The Washington Post

The Washington Post


Clos de la FINE Muscadet Côtes de GrandLieu sur Lie

Clos de la FINE Muscadet Côtes de GrandLieu sur Lie


Jérôme CHOBLET

Jérôme CHOBLET


CLOS de la FINE Muscsadet Cotes de GrandLieu

CLOS de la FINE Muscsadet Cotes de GrandLieu


CLOS de la FINE 2009 - Muscadet, highly recommended by The WASHINGTON POST

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July 19, 2012
By: Julie DUMON

The Washington Post

By Dave McIntyre, Published: July 17

Very interesting article generally speaking about the Loire Valley, ending with a nice, truly unique and so true description of 2009 CLOS de la FINE Muscadet Côtes de GrandLieu from Jérôme CHOBLET...

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The Loire Valley stretches east to west across the upper midriff of France, like an old man's belt pulled a little too high. As it flows, the white wine grapes grown along its banks progress from robust Sauvignon Blanc in Sancerre (which I wrote about last week), to opulent and sometimes sweet Chenin Blanc in Vouvray and Saumur, and finally to the crisp and lean melon de Bourgogne, the grape of Muscadet, near the Atlantic coast.

Muscadet, made in a region around Nantes, near the Atlantic coast in Britanny, is an underappreciated wine. It has enough of a traditional reputation that several are available, but it lacks the cachet of the wines of Burgundy, Bordeaux or the Rhône, or even the celebrated Loire whites of Sancerre. All of is which is to say Muscadet can be a great value.

The wines taste of melons and tree fruit, with structure and mineral quality that hold up even in ripe vintages like those from 2009 and 2010, when the acidity is low.Most are made without oak influence. There is often a saline character reminiscent of the nearby sea, a flavor that has lade Muscadet a traditional partner to raw shellfish. They are also ideal partners to seafood salads and lighter fish dishes that tend toward the brin y side of the spectrum.

Most French wines are named for their appellation: Burgundy, !champagne, Côtes-du-Rhône, etc. The main exception is Alsace, where the wines are labeled by grape variety (Riesling, Pinot Gris, Auxerrois, Gewurztraminer). Muscadet follows neither convention; it is simply the name of the wine, not the region nor the grape. A specific area name is tacked on; most are labeled "Muscadet de Sèvre et Maine".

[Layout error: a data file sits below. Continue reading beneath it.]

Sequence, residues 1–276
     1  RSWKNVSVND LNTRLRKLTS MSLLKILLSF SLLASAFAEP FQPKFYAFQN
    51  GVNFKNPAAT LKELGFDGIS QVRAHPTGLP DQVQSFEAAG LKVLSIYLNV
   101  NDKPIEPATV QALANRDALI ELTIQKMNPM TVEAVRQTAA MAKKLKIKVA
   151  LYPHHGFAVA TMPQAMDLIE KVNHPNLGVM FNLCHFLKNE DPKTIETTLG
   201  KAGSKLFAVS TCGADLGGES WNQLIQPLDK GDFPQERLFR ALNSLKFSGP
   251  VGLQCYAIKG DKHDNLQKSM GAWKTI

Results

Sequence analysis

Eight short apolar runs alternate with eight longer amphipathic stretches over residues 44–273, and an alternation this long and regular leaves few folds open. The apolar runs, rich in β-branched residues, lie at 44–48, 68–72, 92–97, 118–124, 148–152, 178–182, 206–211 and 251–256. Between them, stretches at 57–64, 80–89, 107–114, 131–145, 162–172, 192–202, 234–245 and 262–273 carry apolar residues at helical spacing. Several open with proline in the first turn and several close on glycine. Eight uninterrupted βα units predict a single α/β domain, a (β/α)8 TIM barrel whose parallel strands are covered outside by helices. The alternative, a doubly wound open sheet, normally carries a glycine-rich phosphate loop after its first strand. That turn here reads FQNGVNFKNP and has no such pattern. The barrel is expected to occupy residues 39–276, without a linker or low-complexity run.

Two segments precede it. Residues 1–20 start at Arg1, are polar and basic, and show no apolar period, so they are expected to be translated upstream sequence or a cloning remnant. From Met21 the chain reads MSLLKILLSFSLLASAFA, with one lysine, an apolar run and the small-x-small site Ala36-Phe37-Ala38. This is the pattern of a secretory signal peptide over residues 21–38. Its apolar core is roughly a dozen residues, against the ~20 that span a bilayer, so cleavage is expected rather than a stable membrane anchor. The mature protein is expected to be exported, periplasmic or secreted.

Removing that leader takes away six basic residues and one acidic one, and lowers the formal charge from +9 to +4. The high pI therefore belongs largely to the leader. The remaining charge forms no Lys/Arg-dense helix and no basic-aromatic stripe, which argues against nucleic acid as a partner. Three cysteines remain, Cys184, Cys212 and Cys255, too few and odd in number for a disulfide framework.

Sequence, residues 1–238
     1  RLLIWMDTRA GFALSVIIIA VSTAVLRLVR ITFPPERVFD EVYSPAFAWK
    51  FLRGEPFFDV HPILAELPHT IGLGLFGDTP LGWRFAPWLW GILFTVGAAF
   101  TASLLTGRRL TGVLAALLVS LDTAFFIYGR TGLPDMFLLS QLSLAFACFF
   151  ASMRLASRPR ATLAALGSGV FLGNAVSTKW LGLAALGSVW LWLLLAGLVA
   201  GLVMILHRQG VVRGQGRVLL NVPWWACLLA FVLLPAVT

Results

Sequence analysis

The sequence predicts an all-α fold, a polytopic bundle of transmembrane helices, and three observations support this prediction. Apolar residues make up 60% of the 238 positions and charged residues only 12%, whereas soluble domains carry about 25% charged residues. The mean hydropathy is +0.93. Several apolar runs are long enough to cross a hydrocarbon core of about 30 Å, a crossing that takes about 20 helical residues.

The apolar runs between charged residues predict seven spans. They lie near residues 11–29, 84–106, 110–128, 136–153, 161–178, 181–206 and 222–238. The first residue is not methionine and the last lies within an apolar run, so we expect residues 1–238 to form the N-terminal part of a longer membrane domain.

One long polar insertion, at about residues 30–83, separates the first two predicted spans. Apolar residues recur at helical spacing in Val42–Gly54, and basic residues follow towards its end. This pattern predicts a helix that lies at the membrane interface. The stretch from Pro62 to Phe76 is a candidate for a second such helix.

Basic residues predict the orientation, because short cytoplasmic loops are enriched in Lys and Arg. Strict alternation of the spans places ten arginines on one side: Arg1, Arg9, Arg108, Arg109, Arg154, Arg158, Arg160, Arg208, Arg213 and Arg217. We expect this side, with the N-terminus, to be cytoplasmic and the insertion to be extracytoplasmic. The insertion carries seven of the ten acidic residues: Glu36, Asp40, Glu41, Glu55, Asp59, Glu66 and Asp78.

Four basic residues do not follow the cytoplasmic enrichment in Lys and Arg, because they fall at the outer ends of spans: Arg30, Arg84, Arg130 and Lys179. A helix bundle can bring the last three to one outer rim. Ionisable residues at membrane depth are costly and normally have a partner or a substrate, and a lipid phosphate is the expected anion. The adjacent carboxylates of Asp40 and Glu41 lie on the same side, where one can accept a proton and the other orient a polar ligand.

Reflecting their origin in the region around the Sèvre and Maine rivers, two Loire tributaries. About 15 percent of the area's wines are labeled as Muscadet de Coteaux de la Loire or Muscadet c^potes de GrandLieu. Muscadet is not a blended wine. It is made 100 percent from the melon de Bourgogne grape, considered a cousin of chardonnay.

Muscadet is certainly not muscatel, or any other sweet plonk.

Many muscadets are labeld "Sur Lie", meaning the wine is aged on the yeast that settles when fermentation stops. This technique adds body and complexity to the finished wine. Modern winemaking techniques with strict temperature control for cold fermentation give most muscadets a bracing freshness. Although we see them young in our retail shelves, their structure can help them age for a decade or more. So if you find a forgotten bottle in your collection, don't despair.

An my recent tastings, I was smitten by the Clos de la Fine 2009 from Jérôme CHOBLET of Domaine des HERBAUGES. A Muscadet Côtes de GrandLieu, it smells like a melon patch by the sea, less earthy than some, and yet its structure and mienrality were apparent. It's a beguiling wine, though I found it had a negative effect on conversation. It draws me inward to a beach in my imagination, the wine swirling in my glass like waves crashing against the shore. Now, where are those oysters?

Recommendations:

*** Exceptional  - ** Excellent  - * Very Good

Clos de la Fine 2009 Muscadet de GrandLieu, Loire Valley, France, $14
***
Tasting like ripe melon, this wine has a stony mineral quality that gives it length and structure.


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